US export controls, customs duties on Russia and Belarus

On Friday, April 8, 2022, the US government added two additional weapons to its artillery of actions against Russia and Belarus.

  1. Export license requirement extended to all Trade Control List items. In a final rule to be released on April 14, 2022, the U.S. Department of Commerce, Bureau of Industry and Security (BIS):

a. expanded the licensing requirement for items destined for Russia and Belarus to all items with Export Control Classification Numbers (ECCNs) on the Trade Control List (CCL). This adds a licensing requirement for exports, re-exports and transfers (within the country) of items subject to Export Administration Regulations (EAR) that fall under ECCNs starting with 0 (category 0 – materials , nuclear facilities and equipment [and Miscellaneous Items]), 1 (Category 1 – Special materials and related equipment, Chemicals, “Micro-organisms” and “Toxins”) and 2 (Category 2 – Materials processing). EAR99 items still do not require a license for export, re-export or transfer (in-country) to or within Russia and Belarus – provided they are not intended for a user prohibited end (e.g. Entity List entities, military end users, etc.) or for prohibited end use (e.g. military end use). The BIS previously imposed a licensing requirement for categories 3 to 9.

b. expanded the Russian/Belarusian Direct Foreign Product Rule (FDPR) to apply when the foreign-produced item is the direct product of US-origin technology or software subject to the ‘EAR that falls under any ECCN in product groups D (software) or E (technology) on the CCL or produced by a plant or a major component of a plant that is itself a direct product of such software or technology subject to the EAR and subject to the CCL. Previously, the Russia/Belarus FDPR was limited to categories 3 to 9.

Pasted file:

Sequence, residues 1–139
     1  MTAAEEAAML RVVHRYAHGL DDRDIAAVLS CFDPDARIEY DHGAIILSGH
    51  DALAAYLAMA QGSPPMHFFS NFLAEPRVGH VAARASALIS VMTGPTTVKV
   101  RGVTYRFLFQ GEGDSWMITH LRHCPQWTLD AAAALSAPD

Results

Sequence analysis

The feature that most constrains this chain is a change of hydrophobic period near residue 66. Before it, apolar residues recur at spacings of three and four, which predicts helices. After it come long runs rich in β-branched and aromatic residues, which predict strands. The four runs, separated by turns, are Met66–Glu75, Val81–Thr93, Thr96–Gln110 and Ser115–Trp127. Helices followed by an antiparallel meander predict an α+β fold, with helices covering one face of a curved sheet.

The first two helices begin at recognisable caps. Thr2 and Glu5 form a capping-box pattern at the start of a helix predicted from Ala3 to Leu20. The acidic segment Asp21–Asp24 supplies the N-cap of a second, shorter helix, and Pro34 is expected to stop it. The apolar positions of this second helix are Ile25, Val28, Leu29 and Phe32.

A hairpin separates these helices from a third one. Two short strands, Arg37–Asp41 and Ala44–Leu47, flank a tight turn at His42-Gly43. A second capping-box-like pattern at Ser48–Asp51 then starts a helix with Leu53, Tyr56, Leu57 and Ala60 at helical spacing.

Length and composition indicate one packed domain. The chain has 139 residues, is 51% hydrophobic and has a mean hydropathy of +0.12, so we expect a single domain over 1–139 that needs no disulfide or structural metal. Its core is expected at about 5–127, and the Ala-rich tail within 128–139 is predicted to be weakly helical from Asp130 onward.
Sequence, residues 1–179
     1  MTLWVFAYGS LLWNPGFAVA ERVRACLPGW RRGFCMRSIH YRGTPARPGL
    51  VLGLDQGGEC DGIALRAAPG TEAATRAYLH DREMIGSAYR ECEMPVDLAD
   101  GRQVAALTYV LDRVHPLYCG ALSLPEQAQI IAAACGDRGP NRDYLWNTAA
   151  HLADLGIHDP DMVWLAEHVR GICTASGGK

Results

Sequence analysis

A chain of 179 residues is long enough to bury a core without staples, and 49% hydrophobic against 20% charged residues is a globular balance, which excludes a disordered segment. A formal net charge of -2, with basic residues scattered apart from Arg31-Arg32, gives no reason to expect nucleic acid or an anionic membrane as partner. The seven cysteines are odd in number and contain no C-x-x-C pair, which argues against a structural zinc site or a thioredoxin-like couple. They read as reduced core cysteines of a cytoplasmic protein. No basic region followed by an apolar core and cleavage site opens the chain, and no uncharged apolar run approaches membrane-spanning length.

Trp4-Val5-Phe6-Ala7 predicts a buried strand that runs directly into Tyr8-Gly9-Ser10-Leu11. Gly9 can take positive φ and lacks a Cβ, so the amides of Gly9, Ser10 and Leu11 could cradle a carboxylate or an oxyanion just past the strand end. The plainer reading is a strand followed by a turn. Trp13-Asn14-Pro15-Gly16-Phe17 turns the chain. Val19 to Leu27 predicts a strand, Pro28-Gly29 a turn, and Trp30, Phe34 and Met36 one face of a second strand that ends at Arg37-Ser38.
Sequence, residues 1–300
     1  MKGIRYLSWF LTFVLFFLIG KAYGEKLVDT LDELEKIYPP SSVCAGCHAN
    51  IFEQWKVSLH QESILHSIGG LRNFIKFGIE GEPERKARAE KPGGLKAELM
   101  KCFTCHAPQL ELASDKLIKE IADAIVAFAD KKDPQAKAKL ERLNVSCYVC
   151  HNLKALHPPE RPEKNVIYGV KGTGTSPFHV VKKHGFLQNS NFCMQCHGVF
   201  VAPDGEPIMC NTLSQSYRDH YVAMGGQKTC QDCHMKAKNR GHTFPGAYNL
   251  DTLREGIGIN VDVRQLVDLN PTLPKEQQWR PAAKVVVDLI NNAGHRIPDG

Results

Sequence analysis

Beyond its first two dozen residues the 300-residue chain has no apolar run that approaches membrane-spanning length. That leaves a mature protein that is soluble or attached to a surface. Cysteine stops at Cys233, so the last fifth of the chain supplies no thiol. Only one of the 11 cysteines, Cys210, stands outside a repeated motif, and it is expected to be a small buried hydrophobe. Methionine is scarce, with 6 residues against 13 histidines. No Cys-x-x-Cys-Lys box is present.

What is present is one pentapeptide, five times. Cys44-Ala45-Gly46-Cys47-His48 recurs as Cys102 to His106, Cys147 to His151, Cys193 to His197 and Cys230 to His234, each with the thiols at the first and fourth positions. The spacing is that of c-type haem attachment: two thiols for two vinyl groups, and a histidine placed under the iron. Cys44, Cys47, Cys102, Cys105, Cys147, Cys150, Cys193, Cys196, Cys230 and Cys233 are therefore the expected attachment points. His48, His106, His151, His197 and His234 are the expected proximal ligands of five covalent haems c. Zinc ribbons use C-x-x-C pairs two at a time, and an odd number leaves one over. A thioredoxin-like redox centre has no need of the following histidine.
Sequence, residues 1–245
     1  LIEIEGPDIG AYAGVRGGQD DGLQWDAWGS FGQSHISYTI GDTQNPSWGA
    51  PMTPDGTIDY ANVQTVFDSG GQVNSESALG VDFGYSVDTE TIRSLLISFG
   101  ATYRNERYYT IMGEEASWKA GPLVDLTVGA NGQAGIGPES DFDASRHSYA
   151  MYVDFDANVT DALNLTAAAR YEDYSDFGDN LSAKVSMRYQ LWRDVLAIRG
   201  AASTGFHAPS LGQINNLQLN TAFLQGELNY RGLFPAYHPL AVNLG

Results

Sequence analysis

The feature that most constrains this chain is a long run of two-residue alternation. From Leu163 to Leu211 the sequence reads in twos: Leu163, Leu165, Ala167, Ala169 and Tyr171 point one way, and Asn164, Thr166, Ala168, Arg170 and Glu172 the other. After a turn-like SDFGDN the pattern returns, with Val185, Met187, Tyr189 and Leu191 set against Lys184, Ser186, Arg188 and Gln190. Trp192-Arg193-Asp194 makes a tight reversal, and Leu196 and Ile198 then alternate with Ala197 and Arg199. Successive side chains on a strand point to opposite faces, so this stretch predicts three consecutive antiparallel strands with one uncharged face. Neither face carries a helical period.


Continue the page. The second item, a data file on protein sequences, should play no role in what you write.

vs. Aircraft, Vessels, Spacecraft (AVS) Restricted License Exception to exclude aircraft registered, owned or controlled by, or chartered or leased by Belarus or a national of Belarus (in addition to Russia).

While the rule went into effect on April 8, 2022, the day it was filed for public inspection, the rule includes an escape clause that allows entities to export, re-export or transfer (within the country) articles submitted to FDPR Russia/Belarus. only unlicensed if en route aboard a carrier to a port on May 9, 2022 (as per actual orders). Exports of items normally subject to EAR, on the other hand, had to be on their way by April 8, 2022.

  1. President Biden has signed into law HR 7108, which suspends normal business relations with Russia and Belarus. As previously reported, the United States and other allied governments have indicated that they will revoke Most Favored Nation (MFN) status for Russia and Belarus, and the United States has now enacted this law. This means that all products from the Russian Federation and the Republic of Belarus will be subject to the (generally) higher rates of duty listed in Column 2 of the United States Harmonized Tariff Schedule. Under the new law, until January 1, 2024, President Biden can also proclaim increases in duty rates above those in Column 2 after a five-day consultation with the House Ways and Means Committee and the Senate Finance Committee. To reduce duties, the President will need to certify that Russia and/or Belarus:

a. has reached an agreement regarding the withdrawal of Russian or Belarusian forces (or both, as the case may be) and the cessation of military hostilities which is accepted by the Free and Independent Government of Ukraine;

b. poses no immediate military threat of aggression to a NATO member; and

vs. recognizes the right of the Ukrainian people to independently and freely choose their own government.

The president must notify Congress 45 days before submitting certification, and there is a procedure for Congress to pass a joint resolution disapproving certification to return to lower office.

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